The flexibility of blockchain infrastructures has captivated innovators, entrepreneurs and developers across a number of verticals (more so than ever in the past year). Many are beginning to truly appreciate the properties that make distributed ledger technologies so valuable, notably where data security is concerned.
Blockchains are perhaps best described, in simple terms, as append-only databases that are controlled by a consensus mechanism made up of numerous participants (without a hierarchy or centralized overseer). Compared to a traditional database, this means that there is no central point of failure for an attacker to target. The participants in question will each maintain a copy of this ledger, synchronising it with that of their peers when a ‘block’ (chunk of data) is added to the network.
This may not seem particularly exciting at first glance, but it is, in fact, a very powerful tool — each block added to the ledger is cryptographically linked to the prior one, meaning that any attempt to alter the information will be automatically rejected by the rest of the participants. As such, blockchains are often touted as being immutable and tamper-proof.
The security of such networks stems from this structure, the topology at the peer-to-peer level and the use of robust cryptography (private/public keypairs) to ensure that only the individual uploading data can decrypt it or demonstrate ownership.
Towards Medical Applications
Home genetic testing has been garnering a lot of attention from consumers recently as services like Ancestry or 23AndMe have cropped up to provide insights into the health of the user — at the cost, of course, of the sharing of genomic data.
It’s hard to imagine a source of data more personal to an individual than their genetic information. It stands to reason that it’s crucial that said data is kept both secure and private — easier said than done in an age of digitisation of information, home DNA testing kits and rampant data breaches.
Most companies go to lengths to anonymize your data before sharing it, and to keep it secure. But sharing this type of sensitive personal information comes with an inherent risk. Consumer genetic testing firms are not typically bound by HIPAA, which means the flow of personal information is completely unregulated. And the more places data flows, the more chances there are for it to leak.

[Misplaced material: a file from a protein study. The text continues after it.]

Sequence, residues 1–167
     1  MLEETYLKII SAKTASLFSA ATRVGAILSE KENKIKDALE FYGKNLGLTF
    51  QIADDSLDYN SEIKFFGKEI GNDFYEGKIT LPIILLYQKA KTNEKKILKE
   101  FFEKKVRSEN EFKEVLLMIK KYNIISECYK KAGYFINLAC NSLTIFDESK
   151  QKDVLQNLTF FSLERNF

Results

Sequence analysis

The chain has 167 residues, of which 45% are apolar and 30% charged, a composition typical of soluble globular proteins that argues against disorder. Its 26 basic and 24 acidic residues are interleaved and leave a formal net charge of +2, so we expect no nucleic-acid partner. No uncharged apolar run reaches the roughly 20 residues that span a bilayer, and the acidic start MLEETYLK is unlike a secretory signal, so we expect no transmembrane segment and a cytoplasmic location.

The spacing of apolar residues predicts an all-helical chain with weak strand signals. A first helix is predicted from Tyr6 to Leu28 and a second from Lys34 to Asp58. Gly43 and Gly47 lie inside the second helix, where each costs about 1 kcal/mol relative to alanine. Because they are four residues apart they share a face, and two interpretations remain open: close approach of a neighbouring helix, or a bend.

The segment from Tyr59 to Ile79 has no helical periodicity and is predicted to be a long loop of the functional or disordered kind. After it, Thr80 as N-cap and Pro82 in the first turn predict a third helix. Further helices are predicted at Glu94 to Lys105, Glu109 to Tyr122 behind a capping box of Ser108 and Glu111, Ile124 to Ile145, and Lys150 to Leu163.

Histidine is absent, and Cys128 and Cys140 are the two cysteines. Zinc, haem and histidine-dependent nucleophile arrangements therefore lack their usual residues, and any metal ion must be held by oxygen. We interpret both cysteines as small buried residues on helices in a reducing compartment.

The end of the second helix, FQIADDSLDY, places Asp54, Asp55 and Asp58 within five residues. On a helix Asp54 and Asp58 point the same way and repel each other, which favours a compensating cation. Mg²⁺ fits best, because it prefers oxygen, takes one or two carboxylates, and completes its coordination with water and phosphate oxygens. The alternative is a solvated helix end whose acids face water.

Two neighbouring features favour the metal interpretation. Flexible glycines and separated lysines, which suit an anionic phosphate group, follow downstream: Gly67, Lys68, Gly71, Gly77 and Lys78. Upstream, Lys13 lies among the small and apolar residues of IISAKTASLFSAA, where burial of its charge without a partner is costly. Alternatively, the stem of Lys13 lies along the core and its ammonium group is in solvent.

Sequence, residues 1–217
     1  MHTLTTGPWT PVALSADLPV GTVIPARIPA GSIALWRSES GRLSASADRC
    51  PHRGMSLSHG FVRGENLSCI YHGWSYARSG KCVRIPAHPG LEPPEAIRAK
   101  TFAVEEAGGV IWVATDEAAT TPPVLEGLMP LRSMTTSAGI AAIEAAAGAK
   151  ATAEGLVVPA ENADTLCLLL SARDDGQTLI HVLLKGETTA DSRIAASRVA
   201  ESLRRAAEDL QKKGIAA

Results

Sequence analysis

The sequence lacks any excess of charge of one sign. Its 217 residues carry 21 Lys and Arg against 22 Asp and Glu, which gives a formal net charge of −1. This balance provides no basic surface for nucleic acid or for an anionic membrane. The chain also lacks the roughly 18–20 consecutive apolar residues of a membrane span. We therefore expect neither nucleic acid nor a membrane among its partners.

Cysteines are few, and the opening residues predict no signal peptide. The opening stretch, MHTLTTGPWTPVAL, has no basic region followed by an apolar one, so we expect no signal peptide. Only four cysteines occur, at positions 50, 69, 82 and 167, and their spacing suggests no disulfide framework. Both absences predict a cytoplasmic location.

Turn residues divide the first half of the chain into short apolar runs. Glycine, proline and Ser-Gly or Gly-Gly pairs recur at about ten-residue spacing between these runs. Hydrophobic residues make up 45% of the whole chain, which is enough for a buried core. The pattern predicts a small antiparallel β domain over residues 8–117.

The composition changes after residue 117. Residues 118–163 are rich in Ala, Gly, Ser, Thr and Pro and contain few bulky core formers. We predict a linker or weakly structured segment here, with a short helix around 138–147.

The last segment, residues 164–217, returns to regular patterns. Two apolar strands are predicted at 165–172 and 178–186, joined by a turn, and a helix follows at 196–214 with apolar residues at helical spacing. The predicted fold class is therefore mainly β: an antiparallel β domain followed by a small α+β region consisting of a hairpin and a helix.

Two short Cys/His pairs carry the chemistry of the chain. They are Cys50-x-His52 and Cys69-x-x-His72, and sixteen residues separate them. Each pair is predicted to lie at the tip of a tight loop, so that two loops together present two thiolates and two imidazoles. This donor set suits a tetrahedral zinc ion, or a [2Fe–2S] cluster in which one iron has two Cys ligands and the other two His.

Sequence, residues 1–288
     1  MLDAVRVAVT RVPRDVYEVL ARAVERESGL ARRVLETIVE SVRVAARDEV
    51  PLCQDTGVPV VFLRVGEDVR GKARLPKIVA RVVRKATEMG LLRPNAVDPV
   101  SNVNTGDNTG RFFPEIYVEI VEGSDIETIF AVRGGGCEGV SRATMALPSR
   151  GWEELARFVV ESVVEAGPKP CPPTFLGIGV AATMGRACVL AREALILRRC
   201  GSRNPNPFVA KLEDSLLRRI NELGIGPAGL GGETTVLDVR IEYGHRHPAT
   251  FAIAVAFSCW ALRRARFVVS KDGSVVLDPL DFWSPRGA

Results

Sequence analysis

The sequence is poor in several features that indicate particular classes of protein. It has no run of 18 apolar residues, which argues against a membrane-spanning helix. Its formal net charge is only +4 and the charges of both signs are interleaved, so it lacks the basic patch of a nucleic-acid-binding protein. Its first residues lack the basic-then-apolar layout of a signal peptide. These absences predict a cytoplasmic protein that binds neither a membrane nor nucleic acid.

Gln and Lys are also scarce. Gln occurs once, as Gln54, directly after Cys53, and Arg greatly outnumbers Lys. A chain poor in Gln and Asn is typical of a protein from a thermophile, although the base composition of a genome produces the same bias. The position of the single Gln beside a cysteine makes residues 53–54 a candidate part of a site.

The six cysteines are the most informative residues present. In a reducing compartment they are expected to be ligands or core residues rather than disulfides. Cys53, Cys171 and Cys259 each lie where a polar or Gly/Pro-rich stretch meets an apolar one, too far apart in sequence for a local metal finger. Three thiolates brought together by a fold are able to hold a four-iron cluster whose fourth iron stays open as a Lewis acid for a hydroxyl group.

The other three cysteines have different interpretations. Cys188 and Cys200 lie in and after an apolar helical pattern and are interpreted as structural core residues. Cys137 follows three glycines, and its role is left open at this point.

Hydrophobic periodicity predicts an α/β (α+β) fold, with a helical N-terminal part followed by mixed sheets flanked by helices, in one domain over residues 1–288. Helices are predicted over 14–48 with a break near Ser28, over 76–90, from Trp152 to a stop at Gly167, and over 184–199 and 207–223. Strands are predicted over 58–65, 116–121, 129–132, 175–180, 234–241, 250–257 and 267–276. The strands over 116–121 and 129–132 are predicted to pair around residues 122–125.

Blockchain technology may initially seem ideally suited to these ends, though it’s just a partial solution — one of the trade-offs of an immutable distributed ledger is that its throughput is somewhat lacking (remember that every participant must record every interaction), and storing even small amounts of data is an expensive and time-consuming task.
Evidently, in designing a platform for mass adoption, a sort of hybridised approach is best. Leveraging the features of blockchain technology and combining it with more scalable storage mediums, vastly superior alternatives to the existing ‘data silo’ phenomenon can be built. With such alternatives, secure repositories of data that are controlled entirely by the individual are anchored in the blockchain, which provides an unalterable record of the interactions occurring across the network.
Third-party custodians and data security are not concepts that go hand-in-hand. We’ve seen the catastrophic consequences that breaches like that of Equifax and Facebook can have on the lives of their victims. It’s not something that can be allowed to continue in transitioning masses of genetic information into the digital realm. DNA is not as easily changed as a username/password.
With a tech stack built on top of a blockchain, we can reverse some of the damaging patterns that have emerged as a result of a trust-heavy data ecosystem, putting individuals wholly back in control of information that belongs to them in the first place. Though the concept of an entirely ‘self-sovereign identity’ has existed for a couple of decades now, we’re finally beginning to perfect the technologies that would make truly private and secure interactions in the digital space possible.
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